In interstellar terms, a ‘fast’ mission is one that is measured in decades rather than millennia. Say for the sake of argument that we achieve this capability some time within the next 200 years. Can you imagine where we’ll be in terms of telescope technology by that time? It’s an intriguing question, because telescopes capable of not just imaging exoplanets but seeing them in great detail would allow us to choose our destinations wisely even while giving us voluminous data on the myriad worlds we choose not to visit. Will they also reduce our urge to make the trip?
Former NASA administrator Dan Goldin described the effects of a telescope something like this back in 1999 at a meeting of the American Astronomical Society. Although he didn’t have a specific telescope technology in mind, he was sure that by the mid-point of the 21st Century, we would be seeing exoplanets up close, an educational opportunity unlike any ever offered. Goldin’s classroom of this future era is one I’d like to visit, if his description is anywhere near the truth:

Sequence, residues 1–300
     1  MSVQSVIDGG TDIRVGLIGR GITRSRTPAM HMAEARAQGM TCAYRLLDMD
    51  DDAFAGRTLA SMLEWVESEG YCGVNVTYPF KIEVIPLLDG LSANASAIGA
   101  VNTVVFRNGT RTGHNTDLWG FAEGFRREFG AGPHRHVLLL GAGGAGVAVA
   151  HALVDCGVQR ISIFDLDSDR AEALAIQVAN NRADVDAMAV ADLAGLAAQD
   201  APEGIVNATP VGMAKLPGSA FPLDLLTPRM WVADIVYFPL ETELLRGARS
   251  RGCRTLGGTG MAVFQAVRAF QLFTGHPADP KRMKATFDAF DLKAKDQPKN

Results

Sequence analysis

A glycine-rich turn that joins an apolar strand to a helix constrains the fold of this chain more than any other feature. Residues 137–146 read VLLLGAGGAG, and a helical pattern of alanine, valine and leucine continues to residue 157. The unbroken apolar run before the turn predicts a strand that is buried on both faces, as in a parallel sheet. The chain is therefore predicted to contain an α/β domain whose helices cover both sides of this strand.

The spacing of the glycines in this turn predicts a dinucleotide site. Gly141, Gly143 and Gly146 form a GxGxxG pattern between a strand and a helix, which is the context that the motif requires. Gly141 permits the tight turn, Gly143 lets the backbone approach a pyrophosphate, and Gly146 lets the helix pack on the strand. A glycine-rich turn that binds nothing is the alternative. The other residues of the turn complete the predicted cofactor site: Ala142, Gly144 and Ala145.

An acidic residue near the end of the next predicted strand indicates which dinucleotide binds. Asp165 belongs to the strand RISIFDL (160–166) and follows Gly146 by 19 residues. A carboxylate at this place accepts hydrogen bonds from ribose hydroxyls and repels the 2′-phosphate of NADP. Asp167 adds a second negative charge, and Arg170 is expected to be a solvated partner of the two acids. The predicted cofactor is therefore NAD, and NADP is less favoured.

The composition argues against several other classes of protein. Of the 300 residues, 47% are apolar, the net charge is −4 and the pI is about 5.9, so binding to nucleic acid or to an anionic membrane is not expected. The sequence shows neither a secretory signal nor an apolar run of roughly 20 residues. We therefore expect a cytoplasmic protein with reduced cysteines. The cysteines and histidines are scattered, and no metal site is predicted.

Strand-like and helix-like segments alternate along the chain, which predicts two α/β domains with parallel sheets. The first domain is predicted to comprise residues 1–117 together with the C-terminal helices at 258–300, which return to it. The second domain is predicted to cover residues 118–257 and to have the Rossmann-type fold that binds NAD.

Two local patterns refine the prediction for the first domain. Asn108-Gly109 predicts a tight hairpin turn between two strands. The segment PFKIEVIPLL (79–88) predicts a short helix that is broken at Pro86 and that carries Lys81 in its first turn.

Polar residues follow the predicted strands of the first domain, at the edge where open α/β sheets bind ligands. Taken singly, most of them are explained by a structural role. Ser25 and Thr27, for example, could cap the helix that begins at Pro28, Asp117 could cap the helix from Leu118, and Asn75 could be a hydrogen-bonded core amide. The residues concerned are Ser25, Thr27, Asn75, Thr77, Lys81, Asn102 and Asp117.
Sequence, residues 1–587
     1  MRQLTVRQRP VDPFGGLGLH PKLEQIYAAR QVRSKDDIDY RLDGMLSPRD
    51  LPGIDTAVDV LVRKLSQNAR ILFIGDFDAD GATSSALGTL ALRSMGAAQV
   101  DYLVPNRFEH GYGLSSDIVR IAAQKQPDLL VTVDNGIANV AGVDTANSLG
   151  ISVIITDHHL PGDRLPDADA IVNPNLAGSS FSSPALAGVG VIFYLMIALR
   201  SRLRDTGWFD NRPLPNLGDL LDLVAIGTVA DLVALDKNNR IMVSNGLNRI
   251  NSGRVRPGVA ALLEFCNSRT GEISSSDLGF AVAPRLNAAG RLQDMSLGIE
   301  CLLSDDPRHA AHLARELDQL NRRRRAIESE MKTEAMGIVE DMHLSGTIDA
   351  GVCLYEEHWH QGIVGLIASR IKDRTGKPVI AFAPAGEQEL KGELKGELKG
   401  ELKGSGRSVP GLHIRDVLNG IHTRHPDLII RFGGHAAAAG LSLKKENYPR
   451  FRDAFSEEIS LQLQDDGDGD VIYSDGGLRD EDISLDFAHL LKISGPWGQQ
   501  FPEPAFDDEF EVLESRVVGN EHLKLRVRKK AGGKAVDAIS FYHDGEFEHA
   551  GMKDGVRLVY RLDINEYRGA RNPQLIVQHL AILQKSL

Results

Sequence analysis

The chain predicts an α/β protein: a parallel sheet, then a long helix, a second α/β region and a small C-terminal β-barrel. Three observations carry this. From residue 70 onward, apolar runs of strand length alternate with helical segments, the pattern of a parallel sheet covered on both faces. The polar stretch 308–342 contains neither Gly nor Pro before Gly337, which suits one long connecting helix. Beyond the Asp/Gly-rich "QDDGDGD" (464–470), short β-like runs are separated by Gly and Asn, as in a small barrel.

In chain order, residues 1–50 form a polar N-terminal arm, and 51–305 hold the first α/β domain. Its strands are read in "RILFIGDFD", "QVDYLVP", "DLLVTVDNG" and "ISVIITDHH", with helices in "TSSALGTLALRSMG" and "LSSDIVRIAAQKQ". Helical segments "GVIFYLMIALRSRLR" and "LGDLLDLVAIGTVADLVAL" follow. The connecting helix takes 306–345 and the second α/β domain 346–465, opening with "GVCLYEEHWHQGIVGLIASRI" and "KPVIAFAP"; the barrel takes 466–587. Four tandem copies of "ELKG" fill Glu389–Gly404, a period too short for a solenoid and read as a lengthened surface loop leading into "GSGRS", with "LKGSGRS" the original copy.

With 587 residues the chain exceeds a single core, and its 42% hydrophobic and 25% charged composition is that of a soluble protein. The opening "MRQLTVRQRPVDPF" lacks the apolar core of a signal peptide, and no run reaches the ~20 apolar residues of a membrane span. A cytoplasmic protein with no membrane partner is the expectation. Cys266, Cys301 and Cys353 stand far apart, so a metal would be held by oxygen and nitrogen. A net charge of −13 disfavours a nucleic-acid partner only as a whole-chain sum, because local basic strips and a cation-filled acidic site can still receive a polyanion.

“When you look on the walls, you see a dozen maps detailing the features of Earth-like planets orbiting neighboring stars. Schoolchildren can study the geography, oceans, and continents of other planets and imagine their exotic environments, just as we studied the Earth and wondered about exotic sounding places like Banghok and Istanbul … or, in my case growing up in the Bronx, exotic far-away places like Brooklyn.”
Webster Cash, an astronomer whose Aragoscope concept recently won a Phase I award from the NASA Innovative Advanced Concepts program (see ‘Aragoscope’ Offers High Resolution Optics in Space), has also been deeply involved in starshades, in which a large occulter works with a telescope-bearing spacecraft tens of thousands of kilometers away. With the occulter blocking light from the parent star, direct imaging of exoplanets down to Earth size and below becomes possible, allowing us to make spectroscopic analyses of their atmospheres. Pool data from fifty such systems using interferometry and spectacular close-up images may one day be possible.
Image: The basic occulter concept, with telescope trailing the occulter and using it to separate planet light from the light of the parent star. Credit: Webster Cash.